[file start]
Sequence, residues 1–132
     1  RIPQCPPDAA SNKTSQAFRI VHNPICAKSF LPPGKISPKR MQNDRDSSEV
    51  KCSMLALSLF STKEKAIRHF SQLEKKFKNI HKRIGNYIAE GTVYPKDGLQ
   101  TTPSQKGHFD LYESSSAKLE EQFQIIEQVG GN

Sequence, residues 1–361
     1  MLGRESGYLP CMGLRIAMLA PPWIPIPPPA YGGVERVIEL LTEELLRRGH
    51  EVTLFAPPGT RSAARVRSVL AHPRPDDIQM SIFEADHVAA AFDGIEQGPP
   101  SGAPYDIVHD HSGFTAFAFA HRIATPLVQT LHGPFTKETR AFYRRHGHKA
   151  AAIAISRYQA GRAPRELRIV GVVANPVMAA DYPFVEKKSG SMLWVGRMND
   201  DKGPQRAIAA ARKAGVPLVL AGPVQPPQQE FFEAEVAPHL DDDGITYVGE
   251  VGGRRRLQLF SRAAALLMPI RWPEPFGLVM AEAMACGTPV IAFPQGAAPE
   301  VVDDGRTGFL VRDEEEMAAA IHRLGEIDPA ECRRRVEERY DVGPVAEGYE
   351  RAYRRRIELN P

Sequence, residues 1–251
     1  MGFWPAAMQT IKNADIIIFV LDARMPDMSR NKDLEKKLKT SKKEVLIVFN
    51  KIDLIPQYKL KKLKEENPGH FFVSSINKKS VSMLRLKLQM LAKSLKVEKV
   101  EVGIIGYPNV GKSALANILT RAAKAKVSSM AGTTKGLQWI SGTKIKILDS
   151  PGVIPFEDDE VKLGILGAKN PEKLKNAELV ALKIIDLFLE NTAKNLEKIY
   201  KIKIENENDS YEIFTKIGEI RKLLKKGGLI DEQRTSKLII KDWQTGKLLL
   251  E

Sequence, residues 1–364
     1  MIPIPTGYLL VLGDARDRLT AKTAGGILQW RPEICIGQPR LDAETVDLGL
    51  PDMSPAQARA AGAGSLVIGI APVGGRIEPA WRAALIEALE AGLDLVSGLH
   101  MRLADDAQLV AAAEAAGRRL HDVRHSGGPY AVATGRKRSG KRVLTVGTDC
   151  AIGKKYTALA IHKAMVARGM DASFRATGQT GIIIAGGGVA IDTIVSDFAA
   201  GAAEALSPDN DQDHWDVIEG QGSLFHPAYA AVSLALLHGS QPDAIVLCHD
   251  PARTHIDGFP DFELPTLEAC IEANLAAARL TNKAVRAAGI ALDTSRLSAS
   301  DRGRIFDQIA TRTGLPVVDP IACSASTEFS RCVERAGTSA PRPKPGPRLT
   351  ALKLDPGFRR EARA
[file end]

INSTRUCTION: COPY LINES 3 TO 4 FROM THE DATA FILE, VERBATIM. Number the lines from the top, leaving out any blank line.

    51  KCSMLALSLF STKEKAIRHF SQLEKKFKNI HKRIGNYIAE GTVYPKDGLQ
   101  TTPSQKGHFD LYESSSAKLE EQFQIIEQVG GN